This was the theme of Oliver James’ atrocious pre-recession polemic, Affluenza, and dozens of similar works that appeal to the fears and prejudices of Guardian readers. From the outset, Wilkinson and Pickett assume that the reader is plagued by ‘shyness’, ‘self-doubt’ and ‘party anxiety’, the symptoms of which include tidying your house before visitors arrive. We are told that ‘lack of confidence and a sense of insecurity have reached a level of intensity that makes them perhaps the most important limitation on levels of happiness and the quality of life throughout many rich societies’. If you are disposed to believe this, you are more likely to swallow what follows, but if you have your doubts about shyness and fatigue being bona fide mental disorders and suspect that most people’s happiness is constrained by more material considerations, you will want some evidence.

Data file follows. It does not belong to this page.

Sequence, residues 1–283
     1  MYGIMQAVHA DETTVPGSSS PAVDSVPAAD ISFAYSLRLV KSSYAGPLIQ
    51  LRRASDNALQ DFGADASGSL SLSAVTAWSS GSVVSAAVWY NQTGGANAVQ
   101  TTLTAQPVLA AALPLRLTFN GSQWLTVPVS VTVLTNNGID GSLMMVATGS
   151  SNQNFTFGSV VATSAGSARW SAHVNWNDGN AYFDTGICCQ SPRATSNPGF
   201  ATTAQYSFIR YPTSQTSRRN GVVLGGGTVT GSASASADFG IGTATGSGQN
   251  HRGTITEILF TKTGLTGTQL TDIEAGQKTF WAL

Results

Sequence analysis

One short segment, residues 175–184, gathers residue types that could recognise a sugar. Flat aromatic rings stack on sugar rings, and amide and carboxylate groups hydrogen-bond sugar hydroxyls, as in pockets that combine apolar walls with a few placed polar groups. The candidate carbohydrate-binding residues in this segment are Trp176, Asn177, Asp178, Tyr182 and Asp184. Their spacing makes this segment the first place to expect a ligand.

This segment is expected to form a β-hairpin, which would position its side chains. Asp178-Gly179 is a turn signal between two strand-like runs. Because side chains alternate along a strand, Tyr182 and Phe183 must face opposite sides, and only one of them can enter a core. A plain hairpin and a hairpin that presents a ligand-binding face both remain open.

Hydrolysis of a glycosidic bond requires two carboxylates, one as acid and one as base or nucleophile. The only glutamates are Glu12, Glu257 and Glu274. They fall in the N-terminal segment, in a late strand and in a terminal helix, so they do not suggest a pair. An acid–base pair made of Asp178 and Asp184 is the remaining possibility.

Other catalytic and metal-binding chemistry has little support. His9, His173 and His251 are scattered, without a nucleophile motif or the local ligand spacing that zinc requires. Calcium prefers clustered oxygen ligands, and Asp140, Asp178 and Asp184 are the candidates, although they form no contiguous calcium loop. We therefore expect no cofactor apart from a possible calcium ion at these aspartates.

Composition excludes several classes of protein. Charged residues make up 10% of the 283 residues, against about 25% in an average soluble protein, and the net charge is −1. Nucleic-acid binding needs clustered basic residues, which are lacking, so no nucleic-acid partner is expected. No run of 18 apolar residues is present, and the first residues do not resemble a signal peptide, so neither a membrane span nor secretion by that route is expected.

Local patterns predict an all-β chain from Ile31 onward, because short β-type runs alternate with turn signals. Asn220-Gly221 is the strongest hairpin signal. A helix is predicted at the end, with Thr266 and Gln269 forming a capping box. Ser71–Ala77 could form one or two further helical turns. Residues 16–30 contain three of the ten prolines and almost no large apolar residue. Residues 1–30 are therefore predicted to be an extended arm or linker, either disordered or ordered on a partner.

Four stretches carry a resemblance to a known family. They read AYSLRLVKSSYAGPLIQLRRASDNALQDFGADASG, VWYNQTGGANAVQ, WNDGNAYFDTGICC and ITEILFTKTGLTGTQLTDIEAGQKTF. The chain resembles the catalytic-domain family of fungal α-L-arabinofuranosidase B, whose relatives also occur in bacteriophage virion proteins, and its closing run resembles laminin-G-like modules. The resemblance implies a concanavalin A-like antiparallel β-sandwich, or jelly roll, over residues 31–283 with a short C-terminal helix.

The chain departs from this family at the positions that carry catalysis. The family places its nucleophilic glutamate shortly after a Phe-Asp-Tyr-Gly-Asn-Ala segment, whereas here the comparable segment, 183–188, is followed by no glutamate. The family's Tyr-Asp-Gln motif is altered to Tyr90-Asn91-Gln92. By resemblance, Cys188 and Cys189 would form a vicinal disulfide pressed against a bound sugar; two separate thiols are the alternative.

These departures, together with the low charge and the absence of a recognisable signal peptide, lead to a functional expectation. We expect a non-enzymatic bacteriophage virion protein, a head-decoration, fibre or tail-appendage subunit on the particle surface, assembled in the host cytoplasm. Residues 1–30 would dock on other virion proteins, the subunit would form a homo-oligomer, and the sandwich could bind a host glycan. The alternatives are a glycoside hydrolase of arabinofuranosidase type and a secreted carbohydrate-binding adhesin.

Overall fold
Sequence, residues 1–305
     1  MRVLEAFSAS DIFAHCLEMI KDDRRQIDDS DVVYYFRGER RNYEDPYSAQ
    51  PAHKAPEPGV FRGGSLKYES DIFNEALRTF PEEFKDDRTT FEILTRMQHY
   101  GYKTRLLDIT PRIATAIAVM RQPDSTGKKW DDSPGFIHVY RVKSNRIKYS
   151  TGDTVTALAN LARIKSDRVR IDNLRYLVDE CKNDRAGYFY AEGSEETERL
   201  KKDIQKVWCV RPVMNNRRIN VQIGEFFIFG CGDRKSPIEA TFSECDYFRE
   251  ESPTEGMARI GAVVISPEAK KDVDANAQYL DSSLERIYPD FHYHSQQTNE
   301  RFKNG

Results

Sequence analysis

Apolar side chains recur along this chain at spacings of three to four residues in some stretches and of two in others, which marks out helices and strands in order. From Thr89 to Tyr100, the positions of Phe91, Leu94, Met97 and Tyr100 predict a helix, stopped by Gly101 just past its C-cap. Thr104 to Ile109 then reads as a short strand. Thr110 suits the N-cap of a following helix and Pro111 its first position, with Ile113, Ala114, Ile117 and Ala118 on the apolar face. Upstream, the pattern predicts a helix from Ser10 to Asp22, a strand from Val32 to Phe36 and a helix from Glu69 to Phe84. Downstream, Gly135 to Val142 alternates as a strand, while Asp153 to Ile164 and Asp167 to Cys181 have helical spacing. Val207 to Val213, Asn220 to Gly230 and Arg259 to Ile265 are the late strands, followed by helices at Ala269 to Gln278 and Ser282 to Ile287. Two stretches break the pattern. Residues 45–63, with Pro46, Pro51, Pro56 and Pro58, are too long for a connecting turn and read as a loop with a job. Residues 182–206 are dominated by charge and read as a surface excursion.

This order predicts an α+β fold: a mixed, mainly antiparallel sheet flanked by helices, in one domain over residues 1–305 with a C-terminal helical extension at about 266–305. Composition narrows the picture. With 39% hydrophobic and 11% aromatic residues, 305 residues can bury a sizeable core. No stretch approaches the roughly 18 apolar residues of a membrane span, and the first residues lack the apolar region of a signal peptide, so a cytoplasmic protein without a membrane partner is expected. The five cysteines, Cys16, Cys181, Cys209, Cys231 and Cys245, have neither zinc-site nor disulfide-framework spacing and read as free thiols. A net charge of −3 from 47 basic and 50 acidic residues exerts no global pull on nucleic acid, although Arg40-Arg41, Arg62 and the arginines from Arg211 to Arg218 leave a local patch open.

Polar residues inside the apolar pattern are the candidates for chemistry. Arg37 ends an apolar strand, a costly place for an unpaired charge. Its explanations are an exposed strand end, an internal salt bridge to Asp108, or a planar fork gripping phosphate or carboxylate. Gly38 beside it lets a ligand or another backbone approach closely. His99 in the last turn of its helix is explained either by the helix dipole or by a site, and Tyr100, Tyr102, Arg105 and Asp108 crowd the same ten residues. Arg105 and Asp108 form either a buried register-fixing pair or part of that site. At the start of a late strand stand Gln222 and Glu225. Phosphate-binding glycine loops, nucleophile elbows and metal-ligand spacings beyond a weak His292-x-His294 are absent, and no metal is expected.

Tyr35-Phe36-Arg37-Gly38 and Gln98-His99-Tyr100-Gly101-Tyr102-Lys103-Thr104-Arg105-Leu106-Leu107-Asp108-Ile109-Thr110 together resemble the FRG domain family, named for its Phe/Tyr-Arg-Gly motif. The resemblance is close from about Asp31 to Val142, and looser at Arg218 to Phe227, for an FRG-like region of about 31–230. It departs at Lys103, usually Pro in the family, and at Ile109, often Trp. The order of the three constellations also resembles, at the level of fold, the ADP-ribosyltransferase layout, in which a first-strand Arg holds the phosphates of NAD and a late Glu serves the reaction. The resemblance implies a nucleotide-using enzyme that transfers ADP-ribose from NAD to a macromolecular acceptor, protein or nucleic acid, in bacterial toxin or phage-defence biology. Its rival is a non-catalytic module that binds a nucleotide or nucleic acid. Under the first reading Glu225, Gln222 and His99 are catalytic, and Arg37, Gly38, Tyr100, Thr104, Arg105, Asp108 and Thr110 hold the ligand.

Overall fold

Or, at least, a coherent argument. The problem is that Wilkinson and Pickett are not very good at laying one out. Unable to see a tangent without going off on it, they fill the book with mini-essays about everything from package holidays to psychopaths, the relevance of which is opaque at best. They devote a whole chapter to a gratuitous assault on genetics in which they misrepresent the literature on IQ, misunderstand the Flynn Effect (the global increase in intelligence-test scores), and attack the absurd strawman position that people’s lives are entirely determined by their genes. Not only is their claim that practice is the ‘overwhelming determinant’ of ability wrong, it has approximately nothing to do with the subject of the book, so what purpose does such blank-slate science denial serve? It seems that the authors cannot tolerate any explanation for anything unless it involves the gap between rich and poor, especially if the explanation implies that we might be living, even to some small degree, in a meritocracy.